Using program and agency records as a means to collect data is advantageous in that data are readily available at low cost, and the procedures for transforming the data into viable indicators are familiar to most program personnel (Beschen et al, 2001). This implies that the technique will also reduce costs related to engaging external consultants to collect data. Among the disadvantages, program and agency records rarely contain enough service quality and outcome data to generate or design an adequate set of performance indicators, not mentioning that it can be administratively challenging to raise issues of confidentiality. Still, “…modifications to existing record collection processes are often needed to generate useful performance indicators” (Beschen et al, 2001, p. 16). On their part, interviews are effective in gathering small or large amounts of data quickly, guarantee confidentiality, and are effective in collecting personal information and subjective perceptions of individuals directly impacted by the program (Beschen et al, 2001). However, interviews are not only expensive and time consuming to conduct, but they may demonstrate higher reactive effects among interviewees (e.g., only showing what is socially desirable) and higher investigator effects (e.g., data distortion arising from personal biases or poor interviewing skills).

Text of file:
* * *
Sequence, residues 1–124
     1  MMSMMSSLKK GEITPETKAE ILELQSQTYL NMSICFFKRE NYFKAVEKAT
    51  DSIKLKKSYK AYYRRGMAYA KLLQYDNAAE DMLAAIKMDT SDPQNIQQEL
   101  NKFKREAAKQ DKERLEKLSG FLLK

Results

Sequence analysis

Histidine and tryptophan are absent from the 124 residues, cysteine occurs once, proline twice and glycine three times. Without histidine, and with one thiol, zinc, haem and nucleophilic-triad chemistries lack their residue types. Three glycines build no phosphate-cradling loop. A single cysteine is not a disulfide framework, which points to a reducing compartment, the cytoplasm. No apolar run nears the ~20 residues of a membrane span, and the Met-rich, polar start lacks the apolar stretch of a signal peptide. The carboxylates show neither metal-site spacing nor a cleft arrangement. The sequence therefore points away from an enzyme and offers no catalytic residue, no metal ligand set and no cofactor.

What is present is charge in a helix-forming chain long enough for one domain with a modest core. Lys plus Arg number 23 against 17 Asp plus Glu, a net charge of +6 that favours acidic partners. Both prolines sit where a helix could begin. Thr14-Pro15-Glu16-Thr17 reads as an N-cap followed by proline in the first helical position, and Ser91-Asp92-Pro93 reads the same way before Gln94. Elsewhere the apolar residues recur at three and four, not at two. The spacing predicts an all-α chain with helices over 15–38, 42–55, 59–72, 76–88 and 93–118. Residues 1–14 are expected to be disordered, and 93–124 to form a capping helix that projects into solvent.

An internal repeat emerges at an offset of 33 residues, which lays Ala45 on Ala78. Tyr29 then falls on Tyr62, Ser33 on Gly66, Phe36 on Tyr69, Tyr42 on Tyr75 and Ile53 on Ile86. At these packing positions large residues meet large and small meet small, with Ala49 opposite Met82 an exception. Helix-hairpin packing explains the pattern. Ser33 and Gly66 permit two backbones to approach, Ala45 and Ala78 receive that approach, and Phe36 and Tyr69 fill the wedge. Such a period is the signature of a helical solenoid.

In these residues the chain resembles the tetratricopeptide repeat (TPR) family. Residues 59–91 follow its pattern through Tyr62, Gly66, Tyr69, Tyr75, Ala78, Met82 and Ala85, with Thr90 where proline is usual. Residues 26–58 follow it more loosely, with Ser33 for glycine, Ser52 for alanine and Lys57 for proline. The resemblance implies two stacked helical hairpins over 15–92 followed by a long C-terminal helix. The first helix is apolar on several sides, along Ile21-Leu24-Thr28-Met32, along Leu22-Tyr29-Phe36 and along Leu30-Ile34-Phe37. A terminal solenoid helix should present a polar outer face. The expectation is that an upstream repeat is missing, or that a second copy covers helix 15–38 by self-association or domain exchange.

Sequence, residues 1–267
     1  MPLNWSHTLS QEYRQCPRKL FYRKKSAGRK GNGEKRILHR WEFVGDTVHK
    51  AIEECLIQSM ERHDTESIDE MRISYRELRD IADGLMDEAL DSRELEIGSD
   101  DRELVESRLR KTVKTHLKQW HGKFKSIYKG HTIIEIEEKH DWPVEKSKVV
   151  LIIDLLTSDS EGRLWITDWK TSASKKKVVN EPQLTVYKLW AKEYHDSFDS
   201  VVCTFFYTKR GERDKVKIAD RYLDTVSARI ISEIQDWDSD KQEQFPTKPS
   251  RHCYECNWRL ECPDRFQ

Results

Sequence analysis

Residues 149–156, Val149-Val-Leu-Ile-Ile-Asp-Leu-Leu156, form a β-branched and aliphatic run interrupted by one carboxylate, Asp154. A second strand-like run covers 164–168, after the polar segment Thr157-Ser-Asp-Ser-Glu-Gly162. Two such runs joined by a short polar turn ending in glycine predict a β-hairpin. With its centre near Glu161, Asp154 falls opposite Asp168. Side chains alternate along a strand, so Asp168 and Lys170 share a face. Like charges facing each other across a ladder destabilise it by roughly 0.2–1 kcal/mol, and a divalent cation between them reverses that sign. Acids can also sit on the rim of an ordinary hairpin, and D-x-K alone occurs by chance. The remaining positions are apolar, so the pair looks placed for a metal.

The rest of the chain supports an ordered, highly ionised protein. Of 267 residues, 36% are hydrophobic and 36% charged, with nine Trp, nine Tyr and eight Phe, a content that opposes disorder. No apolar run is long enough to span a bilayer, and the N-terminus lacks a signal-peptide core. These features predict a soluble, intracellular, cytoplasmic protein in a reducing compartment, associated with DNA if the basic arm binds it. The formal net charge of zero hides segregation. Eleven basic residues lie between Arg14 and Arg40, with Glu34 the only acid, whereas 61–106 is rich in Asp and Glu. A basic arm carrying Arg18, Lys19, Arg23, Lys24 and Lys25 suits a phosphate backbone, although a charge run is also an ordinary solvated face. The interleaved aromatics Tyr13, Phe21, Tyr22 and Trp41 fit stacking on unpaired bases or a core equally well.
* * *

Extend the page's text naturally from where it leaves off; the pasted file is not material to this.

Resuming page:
The stated data collection tools are similar in that they can compliment each other in the data collection process. They are also similar in that they can be effectively employed simultaneously to collect qualitative or quantitative data needed to evaluate performance improvement in the health facility. The CAHPS surveys and interviews can be employed remotely through utilizing various mediums such as the internet or telephone. However, using agency records as a tool of data collection is different from the rest since it basically relies on in-house documentation and evidence-finding processes (Berg & Franken, 2009).